Rest in peace, Paul Neary

The former editor-in-chief of Marvel UK and veteran artist passed away on Feb. 10 after a long illness.

Paul Neary, the former Marvel UK editor-in-chief and artist of Captain America, Excalibur, The Ultimates and more, has passed away at the age of 74. Neary died of a long illness on Feb. 10, as reported by his longtime colleague Alan Davis and shared by Paul Levitz.

“In a career of more than 50 years Paul earned international respect and recognition in numerous roles within the comic book industry,” Davis shared. “Paul could write, pencil, ink, colour, letter and edit. Skills he learned from studying the medium with an academic zeal.”

Neary was born in Bournemouth, England in 1949, and would attend college at Leeds University. According to Davis, Neary traveled to New York over his first summer at university to try and break into the comics industry.

“Comics were an enthusiastic hobby for Paul when he moved to Leeds University to study for a degree in Metallurgy, but in his first summer break Paul travelled to New York, bluffed his way into Jim Warren’s office, and secured his first professional work on Eerie magazine,” Davis said.

Neary’s work would regularly appear in Eerie, where he drew the “Hunter” series, which was about a half-breed warrior who fights for survival on a weird, irradiated alternate Earth.

After Warren folded, Neary went to work in the UK comics scene, drawing “Future Shocks” for 2000AD — their series of self-contained short stories — for various writers, including Alan Moore. He also worked on Hammer Comics movie adaptations (including Dracula and Moon Zero Two) and the Doctor Who magazine before landing a permanent gig at Marvel UK. Neary went to work for then editor-in-chief Dez Skinn, who wanted to do more than just reprint American comics and create some homegrown UK titles. One of those titles was a weekly Hulk comic, which Neary drew.

Skinn left the company in 1980, and Neary took over as editor-in-chief. Keeping with the idea of homegrown UK comics, Neary hired Alan Davis to revamp Captain Britain, which appeared in the UK’s Marvel Superheroes. Davis would go on to work with Alan Moore on the character, creating some of the line’s most memorable stories — and setting the stage for the “British invasion” that brought many UK creators to the United States.

Neary left his position as editor-in-chief because of what Davis referred to as “office politics,” and went to work for Marvel in the United States — getting about as American as you can get by drawing Captain America. Neary worked with J.M. DeMatteis on the title before Mark Gruenwald took over as writer, kicking off his epic run.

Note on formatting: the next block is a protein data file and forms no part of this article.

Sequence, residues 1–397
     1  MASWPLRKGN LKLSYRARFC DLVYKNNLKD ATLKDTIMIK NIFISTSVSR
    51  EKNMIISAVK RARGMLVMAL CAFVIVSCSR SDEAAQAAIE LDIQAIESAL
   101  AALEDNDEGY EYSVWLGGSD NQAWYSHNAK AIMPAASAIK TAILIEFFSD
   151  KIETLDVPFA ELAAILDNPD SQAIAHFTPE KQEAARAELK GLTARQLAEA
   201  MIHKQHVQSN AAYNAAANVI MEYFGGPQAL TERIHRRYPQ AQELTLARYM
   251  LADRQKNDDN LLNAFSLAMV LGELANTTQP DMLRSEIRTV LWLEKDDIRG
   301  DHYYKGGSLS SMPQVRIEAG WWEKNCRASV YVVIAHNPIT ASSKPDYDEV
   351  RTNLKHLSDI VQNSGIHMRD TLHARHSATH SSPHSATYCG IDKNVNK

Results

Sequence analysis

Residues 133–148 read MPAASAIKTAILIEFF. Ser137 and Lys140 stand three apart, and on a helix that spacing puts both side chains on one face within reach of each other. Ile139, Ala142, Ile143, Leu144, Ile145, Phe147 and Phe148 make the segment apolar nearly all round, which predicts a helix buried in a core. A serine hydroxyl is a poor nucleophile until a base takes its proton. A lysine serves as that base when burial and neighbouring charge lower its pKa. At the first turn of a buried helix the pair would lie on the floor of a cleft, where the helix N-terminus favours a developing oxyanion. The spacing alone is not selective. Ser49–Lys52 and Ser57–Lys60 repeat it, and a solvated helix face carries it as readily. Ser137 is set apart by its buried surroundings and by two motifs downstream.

Neary drew about 40 issues of Captain America, and co-created many of the characters that came out of that era, including Super Patriot/U.S. Agent, Diamondback and many other members of the Serpent Society, Madcap, Battlestar, Flag-Smasher and Sin, the daughter of the Red Skull.

His time as a penciller at Marvel also included a short runs on Ka-Zar and the Thing, as well as the Nick Fury vs. SHIELD miniseries. (Interestingly, Neary would help introduce Nick Fury Jr. in the pages of Battle Scars much later in his career).

After his stint at Marvel, he began working with Davis at DC, where he inked Davis’ runs on Batman and the Outsiders and Detective Comics. The duo would also go on to work on Marvel’s Excalibur series, which brought Nightcrawler, Kitty Pryde and Rachel Summers to the UK to team up with Captain Britain and Meggan. Davis and Neary would win an Eisner award in 1989 for their work on the title.

In 1990, Neary returned to Marvel UK for a second round as editor-in-chief. While there, Neary brought in a slew of talent that included Bryan Hitch, Dan Abnett, Liam Sharp, Carlos Pacheco, Salvador Larroca and Gary Frank, and launched titles like Dark Angel, Motormouth, Death’s Head II and Knights of Pendragon.

“While the list of titles is impressive, Paul’s greatest achievement was the environment he established to help new creators learn and develop skills that would propel them onto success in the U.S. Comic market after Marvel UK fell victim to industry decline,” Davis said.

While Marvel UK rode the comics boom of the early 1990s, with many of these titles getting U.S. distribution, they hit the comics bust of the mid-1990s and closed up shop. Neary would return to inking, working not only with Davis but also with Bryan Hitch on two major comics of the post-bust era: The Authority and The Ultimates.

In addition to more sophisticated storytelling, both of these titles represented the “widescreen” or “cinematic” approach to comics art that became prevalent at the time. Hitch and Neary would go on to work on JLA and Fantastic Four as well.

“Those lucky enough to have known Paul will remember him as an intensely private man who had no interest in fame or public acclaim,” Davis said. “Paul loved the creative process and fostering that creativity in others. Always professional, enthusiastic and polite but just below the surface Paul’s anarchic sense of humour was poised to mock the mighty and expose the injustices of life. The greatest injustice being he went too soon.”

Many of Neary’s colleagues and friends posted their remembrances on social media:

J.M. DeMatteis:

Just heard the sad news that Paul Neary has passed away. Mainly known as an inker—especially when teamed with Alan Davis—Paul was also a top notch penciler. Although we never met, he took over the arto on my Captain America run after Mike Zeck left and did beautiful work—going on to pencil much of Mark Gruenwald’s epic Cap run.

Derf Backderf:

He’s been a superdude artist for much of his career, but I remember him as a young artist who broke in with Warren mags in the 1970s and did fantastic work. Also had a large bibliography with Brit sci-fi titles like Dr. Who & 2000 AD. His inkwork is gorgeous.

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